Help prevent Complications before they happen


Vital SYNC™ Monitoring and clinical decision support (CDS) system

Preventing complications before they happen. It’s integral to quality care. The Vital Sync™ monitoring and CDS solution is designed to do just that.

The Vital Sync™ CDS solution automatically collects and aggregates patient physiological information while continuously assessing a patient’s condition based on your chosen protocol. Point of care analytics can help you understand your patient’s condition better than any individual parameter. So you can spot trends sooner — and provide care earlier.

Below are five specific patient care challenges that the Vital Sync™ CDS solution can help you manage:

Know the minute your patient is ready to wean

Weaning mechanically ventilated patients is a top clinical priority in the ICU. Your challenge, however, is navigating the delicate balance of two extremes.

Weaning too late can increase vent dependency, increase length of stay, and risk of ventilator-associated pneumonia(VAP).1, 2, 3, 4 Too soon can lead to reintubation, which is associated with longer hospital stays, 5x higher risk of developing VAP and a 7x higher risk of dying in the hospital.5 The Vital Sync™ weaning readiness and spontaneous breathing trial (SBT) monitoring app lets you set weaning readiness criteria based on your hospital’s protocol and alerts you when your patient is ready to begin a weaning trial. So you can start the weaning process at the right time.

Learn more how continuous weaning readiness monitoring can help you make the right call, when timing is everything.

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Remotely monitor spontaneous breathing trials

The Vital Sync™ weaning readiness and SBT monitoring app allows you to track the breath-by-breath progress of your patient through the trial from wherever you are. The vendor-neutral device connectivity lets you include other parameters — like blood pressure, SpO2, heart rate, or RR — to guide your care.

You can define guardrails that determine the trial’s progress toward a successful conclusion. If your patient falls outside those thresholds, you and your clinical team are alerted. So you can go to the bedside and intervene when possible. And because you can view all of this data from wherever you are, you can run multiple SBTs simultaneously. So you, and the entire respiratory team, will always be by your patients’ side — wherever you are.

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Workflow
efficiencies

Helping you prioritize when everything is a priority

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Economic
Benefits

Healthier Patients can also mean a healthier bottom line

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1. MacIntyre NR. The ventilator discontinuation process: an expanding evidence base. Respir Care. 2013;58(6):1074-1086.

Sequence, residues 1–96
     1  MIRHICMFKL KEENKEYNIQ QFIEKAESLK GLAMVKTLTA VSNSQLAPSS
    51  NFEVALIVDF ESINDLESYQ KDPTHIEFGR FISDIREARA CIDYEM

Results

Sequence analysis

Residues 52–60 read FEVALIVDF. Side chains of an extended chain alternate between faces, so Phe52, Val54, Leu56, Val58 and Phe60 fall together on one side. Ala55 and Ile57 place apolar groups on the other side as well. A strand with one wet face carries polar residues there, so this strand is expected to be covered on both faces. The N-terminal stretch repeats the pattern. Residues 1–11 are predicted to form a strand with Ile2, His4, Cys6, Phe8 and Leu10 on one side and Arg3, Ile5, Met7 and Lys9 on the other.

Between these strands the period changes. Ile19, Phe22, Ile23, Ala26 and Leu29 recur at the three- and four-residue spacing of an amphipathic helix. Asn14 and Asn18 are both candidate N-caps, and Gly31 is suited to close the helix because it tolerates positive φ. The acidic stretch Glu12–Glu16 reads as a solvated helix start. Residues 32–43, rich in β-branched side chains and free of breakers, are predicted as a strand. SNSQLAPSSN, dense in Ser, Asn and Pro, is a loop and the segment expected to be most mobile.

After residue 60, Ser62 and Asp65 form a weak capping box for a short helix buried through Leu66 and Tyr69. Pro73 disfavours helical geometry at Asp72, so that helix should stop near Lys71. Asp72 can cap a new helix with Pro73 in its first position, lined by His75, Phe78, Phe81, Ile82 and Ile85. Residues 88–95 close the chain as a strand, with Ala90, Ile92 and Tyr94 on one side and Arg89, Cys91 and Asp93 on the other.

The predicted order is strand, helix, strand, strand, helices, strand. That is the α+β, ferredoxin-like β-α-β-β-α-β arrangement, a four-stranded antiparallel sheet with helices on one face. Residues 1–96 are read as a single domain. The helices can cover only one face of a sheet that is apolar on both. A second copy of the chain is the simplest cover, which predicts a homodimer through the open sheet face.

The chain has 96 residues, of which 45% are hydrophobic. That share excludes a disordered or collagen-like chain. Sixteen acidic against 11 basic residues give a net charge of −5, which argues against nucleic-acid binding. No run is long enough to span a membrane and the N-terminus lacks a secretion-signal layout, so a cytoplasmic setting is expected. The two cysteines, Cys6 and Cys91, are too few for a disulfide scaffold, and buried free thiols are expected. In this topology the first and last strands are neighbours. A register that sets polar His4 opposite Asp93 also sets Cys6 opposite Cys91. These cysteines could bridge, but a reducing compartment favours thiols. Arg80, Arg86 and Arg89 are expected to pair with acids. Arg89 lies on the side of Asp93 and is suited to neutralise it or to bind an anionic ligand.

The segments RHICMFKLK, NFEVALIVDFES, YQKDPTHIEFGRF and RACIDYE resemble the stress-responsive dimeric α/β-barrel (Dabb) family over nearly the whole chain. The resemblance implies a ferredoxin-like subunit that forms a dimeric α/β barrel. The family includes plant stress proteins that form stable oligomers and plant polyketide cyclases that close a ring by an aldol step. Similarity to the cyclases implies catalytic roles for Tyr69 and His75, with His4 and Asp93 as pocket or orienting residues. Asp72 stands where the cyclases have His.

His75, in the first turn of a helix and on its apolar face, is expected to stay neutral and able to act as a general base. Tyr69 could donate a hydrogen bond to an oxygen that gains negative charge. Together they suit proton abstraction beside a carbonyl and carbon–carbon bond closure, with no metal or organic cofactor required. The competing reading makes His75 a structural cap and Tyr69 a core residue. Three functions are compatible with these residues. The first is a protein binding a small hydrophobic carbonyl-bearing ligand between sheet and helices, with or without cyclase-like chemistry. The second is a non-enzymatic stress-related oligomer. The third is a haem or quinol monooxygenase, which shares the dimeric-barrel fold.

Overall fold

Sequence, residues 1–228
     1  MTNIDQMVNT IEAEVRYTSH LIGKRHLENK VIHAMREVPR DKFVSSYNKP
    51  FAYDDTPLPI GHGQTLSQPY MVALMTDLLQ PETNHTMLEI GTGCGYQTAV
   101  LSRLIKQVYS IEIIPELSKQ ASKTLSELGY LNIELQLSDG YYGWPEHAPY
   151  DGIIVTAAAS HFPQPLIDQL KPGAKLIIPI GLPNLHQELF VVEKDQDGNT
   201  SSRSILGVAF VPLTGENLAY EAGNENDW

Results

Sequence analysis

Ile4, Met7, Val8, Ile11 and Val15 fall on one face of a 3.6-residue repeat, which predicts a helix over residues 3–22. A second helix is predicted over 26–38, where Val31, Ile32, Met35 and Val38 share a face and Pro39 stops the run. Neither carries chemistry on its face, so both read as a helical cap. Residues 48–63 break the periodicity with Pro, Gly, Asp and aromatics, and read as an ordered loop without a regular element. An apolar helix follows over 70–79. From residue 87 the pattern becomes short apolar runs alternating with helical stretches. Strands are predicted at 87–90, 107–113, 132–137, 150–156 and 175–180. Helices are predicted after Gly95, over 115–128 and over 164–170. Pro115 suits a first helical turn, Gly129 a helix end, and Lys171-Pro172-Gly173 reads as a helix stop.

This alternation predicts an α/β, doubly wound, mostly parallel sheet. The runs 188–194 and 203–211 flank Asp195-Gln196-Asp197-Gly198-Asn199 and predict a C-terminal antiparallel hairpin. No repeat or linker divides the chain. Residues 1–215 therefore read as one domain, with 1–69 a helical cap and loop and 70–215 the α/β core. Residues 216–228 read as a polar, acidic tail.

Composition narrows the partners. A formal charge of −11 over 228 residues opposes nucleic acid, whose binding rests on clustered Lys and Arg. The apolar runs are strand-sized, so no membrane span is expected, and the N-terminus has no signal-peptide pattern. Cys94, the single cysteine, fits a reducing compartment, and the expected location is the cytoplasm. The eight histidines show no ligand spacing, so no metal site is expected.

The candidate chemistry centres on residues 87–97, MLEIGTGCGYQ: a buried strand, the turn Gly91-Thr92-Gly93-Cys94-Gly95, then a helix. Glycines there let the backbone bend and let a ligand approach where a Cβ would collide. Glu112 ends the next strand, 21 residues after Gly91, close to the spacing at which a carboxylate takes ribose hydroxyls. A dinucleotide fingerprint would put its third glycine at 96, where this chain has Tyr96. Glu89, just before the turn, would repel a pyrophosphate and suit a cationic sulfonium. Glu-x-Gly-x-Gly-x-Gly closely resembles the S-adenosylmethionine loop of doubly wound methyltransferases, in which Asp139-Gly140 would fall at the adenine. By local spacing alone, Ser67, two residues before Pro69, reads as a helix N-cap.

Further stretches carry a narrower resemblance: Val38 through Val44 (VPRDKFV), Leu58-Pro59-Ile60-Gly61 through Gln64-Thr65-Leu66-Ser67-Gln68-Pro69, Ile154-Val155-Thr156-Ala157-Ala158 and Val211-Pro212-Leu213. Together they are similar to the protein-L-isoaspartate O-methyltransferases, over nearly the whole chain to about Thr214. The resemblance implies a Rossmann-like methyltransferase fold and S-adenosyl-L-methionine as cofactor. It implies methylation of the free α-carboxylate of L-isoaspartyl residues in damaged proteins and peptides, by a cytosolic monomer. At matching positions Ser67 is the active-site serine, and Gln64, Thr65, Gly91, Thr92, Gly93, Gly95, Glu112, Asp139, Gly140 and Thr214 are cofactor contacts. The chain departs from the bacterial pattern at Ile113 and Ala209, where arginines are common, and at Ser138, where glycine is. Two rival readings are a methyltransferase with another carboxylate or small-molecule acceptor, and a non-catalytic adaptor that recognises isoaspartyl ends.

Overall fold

2. Esteban A, Alia I, Gordo F, et al. Extubation outcome after spontaneous breathing trials with T-tube or pressure support ventilation. The Spanish Lung Failure Collaborative Group. Am J Respir Crit Care Med. 1997;156(2 Pt 1):459-465.

3. Esteban A, Alia I, Tobin MJ, et al. Effect of spontaneous breathing trial duration on outcome of attempts to discontinue mechanical ventilation. Spanish Lung Failure Collaborative Group. Am J Respir Crit Care Med. 1999;159(2):512-518.

4. Hess D, Kacmarek RM. Essentials of mechanical ventilation. Third edition. ed. New York: McGraw Hill Education, Medical Publishing Division; 2014.

5. Gao F, Yang LH, He HR, et al. The effect of reintubation on ventilator-associated pneumonia and mortality among mechanically ventilated patients with intubation: A systematic review and meta-analysis. Heart Lung. 2016;45(4):363-371.

6. Kang MA, Churpek MM, Zadravecz FJ, Adhikari R, Twu NM, Edelson DP. Real-Time Risk Prediction on the Wards: A Feasibility Study. Crit Care Med. 2016;44(8):1468-73.

7. Maupin JM, Roth DJ, Krapes JM. Use of the Modified Early Warning Score decreases code blue events. + Dec 2009;35(12):598-603

8. Hravnak M, Devita MA, Clontz A, Edwards L, Valenta C, Pinsky MR. Cardiorespiratory instability before and after implementing an integrated monitoring system. Critical care medicine. 2011;39(1):65-72.

9. Agency for Healthcare Research and Quality. 2010 Estimated Final HAC Data. Available at: http://www.ahrq.gov/professionals/quality-patient-safety/pfp/index.html. Accessed November 23, 2016.

10. Chen EH, Hollander JE. When do patients need admission to a telemetry bed? J Emerg Med. 2007;33(1):53-60.

11. Benjamin EM, Klugman RA, Luckmann R, Fairchild DG, Abookire SA. Impact of cardiac telemetry on patient safety and cost. Am J Manag Care. 2013;19(6):e225-232.

12. Curry JP, Russell MW, Hanna CM, Devine GA. Continuous pulse oximetry: a viable and valuable alternative to ECG telemetry in patients “at risk.” Anesthesiology. 2001;95:A1089.

13. Chen EH, Hollander JE. When do patients need admission to a telemetry bed? J Emerg Med. 2007;33(1):53-60.

14. Chen EH, Hollander JE. When do patients need admission to a telemetry bed? J Emerg Med. 2007;33(1):53-60.

15. Curry JP, Russell MW, Hanna CM, Devine GA. Continuous pulse oximetry: a viable and valuable alternative to ECG telemetry in patients “at risk.” Anesthesiology. 2001;95:A1089.

16. Curry JP, Hanson CW, 3rd, Russell MW, Hanna C, Devine G, Ochroch EA. The use and effectiveness of electrocardiographic telemetry monitoring in a community hospital general care setting. Anesth Analg. 2003;97(5):1483-1487.